Former kidnap victim and Bromley Times Green Man ‘wept’ for hostage couple

PUBLISHED: 14:42 17 November 2010

Tom Hart-Dyke; Tom sitting on Ayers Rock

Tom Hart-Dyke; Tom sitting on Ayers Rock


The dramatic release of hostages Paul and Rachel Chandler has stirred deep memories of the terror experienced by kidnap victim and Times columnist Tom Hart Dyke.

Released British hostages Rachel (L) and Paul (R) Chandler pose with newly-appointed Somali Prime Minister Mohamed Abdullahi Mohamed (C) on November 14, 2010 in Mogadishu. The released British couple flew from the town of Adado, where their 388-day ordeal came to an end earlier on November 14, to Mogadishu where they were greeted by top government officials. The Chandlers said they were "happy to be alive" after the Somali pirates who hijacked their yacht near the Seychelles last year released them for a r

Tom, 34, who spent nine months in captivity in 2000 in Colombia has followed the Kent couple’s plight since they were snatched by Somali pirates in

October last year. Today he writes

exclusively for the Times..

turn to page 4

“I turned on the TV and burst into tears, the most tears I have shed since Colombia I should think. I guess it shows I still have these emotions about it all hidden.

The worst part is the not knowing. My captors played games with me, and from what I have heard Paul and Rachel Chandler have gone through something similar. On one occasion they told me I had a few hours to live - they were going to execute me.

To stop myself losing it I focused on what I would do if I got out and it was then I came up with my idea of the World Garden at Lullingstone. You have to do anything you can to block it out, keep going. After all I was only there looking for rare orchids and to this day I still have no idea why me and my friend were taken.

They would play these games and then laugh at our reactions. Inside you were terrified but you knew you couldn’t show it. The English gentleman act saw me through.

The release of the couple by Somali pirates has stirred memories of my experience, that’s for sure. It’s been 10 years but when I heard the news it felt like two hours ago. Nine months of captivity I endured and since news last October of the Chandler’s capture I have watched their progress closely.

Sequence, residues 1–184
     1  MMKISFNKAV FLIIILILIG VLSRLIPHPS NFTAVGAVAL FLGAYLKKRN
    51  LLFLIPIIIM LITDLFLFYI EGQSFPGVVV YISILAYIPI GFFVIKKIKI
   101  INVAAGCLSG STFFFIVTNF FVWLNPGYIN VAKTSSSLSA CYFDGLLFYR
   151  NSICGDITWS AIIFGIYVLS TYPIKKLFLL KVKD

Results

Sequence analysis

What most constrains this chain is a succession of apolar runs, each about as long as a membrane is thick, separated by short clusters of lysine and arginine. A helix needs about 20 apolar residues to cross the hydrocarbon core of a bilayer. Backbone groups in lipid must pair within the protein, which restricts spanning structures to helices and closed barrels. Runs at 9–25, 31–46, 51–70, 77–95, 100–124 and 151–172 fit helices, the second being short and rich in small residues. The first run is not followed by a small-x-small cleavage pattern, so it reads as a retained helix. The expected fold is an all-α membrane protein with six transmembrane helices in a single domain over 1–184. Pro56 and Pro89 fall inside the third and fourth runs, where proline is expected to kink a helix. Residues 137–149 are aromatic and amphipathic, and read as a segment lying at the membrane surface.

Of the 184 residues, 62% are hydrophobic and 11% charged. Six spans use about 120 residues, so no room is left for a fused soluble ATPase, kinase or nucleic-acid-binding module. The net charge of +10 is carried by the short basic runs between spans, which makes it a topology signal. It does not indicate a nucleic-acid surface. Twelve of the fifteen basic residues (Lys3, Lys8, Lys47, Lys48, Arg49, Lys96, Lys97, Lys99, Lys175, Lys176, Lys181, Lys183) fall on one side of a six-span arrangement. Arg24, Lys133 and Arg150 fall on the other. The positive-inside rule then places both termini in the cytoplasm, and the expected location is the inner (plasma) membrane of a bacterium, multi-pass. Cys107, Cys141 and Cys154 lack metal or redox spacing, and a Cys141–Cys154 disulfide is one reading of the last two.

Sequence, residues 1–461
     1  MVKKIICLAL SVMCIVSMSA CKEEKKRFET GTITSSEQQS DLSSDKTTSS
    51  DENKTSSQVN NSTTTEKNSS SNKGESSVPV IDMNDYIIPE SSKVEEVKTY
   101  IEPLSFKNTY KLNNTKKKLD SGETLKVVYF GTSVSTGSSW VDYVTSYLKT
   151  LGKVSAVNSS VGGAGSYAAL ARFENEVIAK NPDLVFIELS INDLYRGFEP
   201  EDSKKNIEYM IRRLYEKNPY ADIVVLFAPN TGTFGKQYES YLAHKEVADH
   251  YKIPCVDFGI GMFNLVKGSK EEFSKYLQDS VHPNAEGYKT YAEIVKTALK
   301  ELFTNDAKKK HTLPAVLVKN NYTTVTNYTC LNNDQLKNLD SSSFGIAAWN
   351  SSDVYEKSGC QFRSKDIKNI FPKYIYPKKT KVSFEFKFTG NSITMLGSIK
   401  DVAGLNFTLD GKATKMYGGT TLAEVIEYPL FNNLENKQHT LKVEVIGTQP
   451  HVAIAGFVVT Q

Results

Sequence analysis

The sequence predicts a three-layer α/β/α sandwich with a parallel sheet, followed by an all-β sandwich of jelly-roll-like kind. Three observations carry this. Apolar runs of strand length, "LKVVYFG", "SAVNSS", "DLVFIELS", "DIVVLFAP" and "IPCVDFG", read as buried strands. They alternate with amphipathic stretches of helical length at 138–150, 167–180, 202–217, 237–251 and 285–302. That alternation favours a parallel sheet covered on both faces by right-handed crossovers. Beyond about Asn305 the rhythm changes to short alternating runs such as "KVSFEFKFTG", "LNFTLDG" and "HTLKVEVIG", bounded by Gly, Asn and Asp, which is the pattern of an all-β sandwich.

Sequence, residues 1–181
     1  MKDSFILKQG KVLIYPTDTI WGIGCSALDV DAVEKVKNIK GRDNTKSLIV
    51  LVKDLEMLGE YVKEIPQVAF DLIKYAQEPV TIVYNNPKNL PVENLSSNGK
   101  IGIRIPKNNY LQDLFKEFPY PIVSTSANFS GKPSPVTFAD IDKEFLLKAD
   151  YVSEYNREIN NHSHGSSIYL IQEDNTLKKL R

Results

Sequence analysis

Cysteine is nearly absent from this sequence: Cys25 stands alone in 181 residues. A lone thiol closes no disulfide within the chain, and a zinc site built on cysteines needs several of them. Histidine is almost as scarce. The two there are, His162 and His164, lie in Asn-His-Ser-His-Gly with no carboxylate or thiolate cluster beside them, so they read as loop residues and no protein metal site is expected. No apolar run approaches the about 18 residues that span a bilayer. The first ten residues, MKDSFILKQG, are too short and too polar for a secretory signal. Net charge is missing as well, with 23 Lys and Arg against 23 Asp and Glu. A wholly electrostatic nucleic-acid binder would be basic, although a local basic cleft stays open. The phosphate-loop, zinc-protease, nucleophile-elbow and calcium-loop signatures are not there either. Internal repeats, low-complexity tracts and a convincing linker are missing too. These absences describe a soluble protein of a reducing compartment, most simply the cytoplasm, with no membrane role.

The main difference has been contact with the outside world. No-one knew what had happened to us. We were travelling along the Colombian border and were snatched by this group who thought we were CIA or spies of some kind. To this day I still don’t know who they were. They were constantly at us, shouting threatening with their guns.

Thoughts of home are dangerous. If you allow yourself to dream of family and friends you risk just losing it. You have to try and block it out.

It’s now coming up to 10 years at Christmas since I was released by my captors and returned to the UK with my friend, travelling companion and captor, mountaineer Paul Winder.

When we touched down at Gatwick Terminal 2, that moment I will never forget. It was sheer joy but we were welcomed by an unbelievable media frenzy

The Chandlers will probably be a bit overwhelmed, There was a lot of interest here, and I am not surprised the nation literally came to a standstill on their return. For us the coverage was fine - we were just so grateful for all the support.

When we stepped of the plane at Gatwick I had the impression some people still didn’t know if we were alive or if it would be a body bag.

During our captivity we lived in small palm huts, were constantly moved from place to place to disorientate us and fed on a diet that included armadillo and monkey body parts.

Seeing the Chandlers this week and how they looked brought a lot of it back. You get into a routine at the time and these terrible things become the norm. We probably walked 1000 miles during that time, through jungle and mountains and for much of it we were just exhausted.

“I was lucky, my youth helped me recover from the ordeal. From the start I said to myself ‘right that chapter is closed’ and I would advise the Chandlers to do the same if they can, I sincerely hope they can put this terrible experience behind them.

I learned my lesson and in some ways it actually spurred me on because of it. I hope they are able to come to terms with this and not let it affect the rest of their lives.

On their immediate return I imagine they will undoubtedly fall under the media spotlight for a few months but when things have quietened I would love to meet with them, from one person to another who has experienced such a dreadful ordeal. We will see how things go but I am sure our paths will cross because of our shared experiences.

For now they will want to be with family and friends, the people who love them and can help them adjust and recover from what they have been through.”

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